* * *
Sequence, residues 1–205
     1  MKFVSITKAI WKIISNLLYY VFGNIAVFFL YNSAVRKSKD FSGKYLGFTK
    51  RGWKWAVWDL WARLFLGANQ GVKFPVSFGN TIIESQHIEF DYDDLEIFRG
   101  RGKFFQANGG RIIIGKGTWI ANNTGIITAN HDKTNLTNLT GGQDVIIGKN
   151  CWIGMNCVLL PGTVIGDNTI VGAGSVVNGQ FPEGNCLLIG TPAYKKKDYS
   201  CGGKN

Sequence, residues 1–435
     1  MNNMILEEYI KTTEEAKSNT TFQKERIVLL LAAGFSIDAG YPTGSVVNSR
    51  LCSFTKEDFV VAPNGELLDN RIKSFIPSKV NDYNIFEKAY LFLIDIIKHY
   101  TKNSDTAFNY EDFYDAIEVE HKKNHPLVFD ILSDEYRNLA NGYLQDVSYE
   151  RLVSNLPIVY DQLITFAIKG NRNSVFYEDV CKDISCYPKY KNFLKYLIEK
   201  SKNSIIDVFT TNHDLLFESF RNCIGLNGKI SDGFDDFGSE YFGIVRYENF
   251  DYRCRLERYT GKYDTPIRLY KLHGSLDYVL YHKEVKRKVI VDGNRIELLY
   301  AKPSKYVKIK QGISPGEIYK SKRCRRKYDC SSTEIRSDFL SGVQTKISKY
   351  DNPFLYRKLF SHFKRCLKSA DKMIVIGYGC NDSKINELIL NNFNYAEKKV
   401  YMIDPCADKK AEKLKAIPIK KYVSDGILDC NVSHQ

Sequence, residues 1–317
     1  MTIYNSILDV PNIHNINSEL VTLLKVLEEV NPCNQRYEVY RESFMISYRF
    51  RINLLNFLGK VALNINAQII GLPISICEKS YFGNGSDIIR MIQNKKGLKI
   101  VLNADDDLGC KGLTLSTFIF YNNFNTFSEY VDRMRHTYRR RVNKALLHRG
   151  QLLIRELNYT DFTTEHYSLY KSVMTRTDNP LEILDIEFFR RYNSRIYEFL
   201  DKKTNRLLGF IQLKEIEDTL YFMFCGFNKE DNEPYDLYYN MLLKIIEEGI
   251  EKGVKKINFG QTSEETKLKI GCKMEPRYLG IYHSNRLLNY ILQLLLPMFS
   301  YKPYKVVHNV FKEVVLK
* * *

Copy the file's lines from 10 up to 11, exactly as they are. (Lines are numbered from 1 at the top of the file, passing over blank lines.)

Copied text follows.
   101  TKNSDTAFNY EDFYDAIEVE HKKNHPLVFD ILSDEYRNLA NGYLQDVSYE
   151  RLVSNLPIVY DQLITFAIKG NRNSVFYEDV CKDISCYPKY KNFLKYLIEK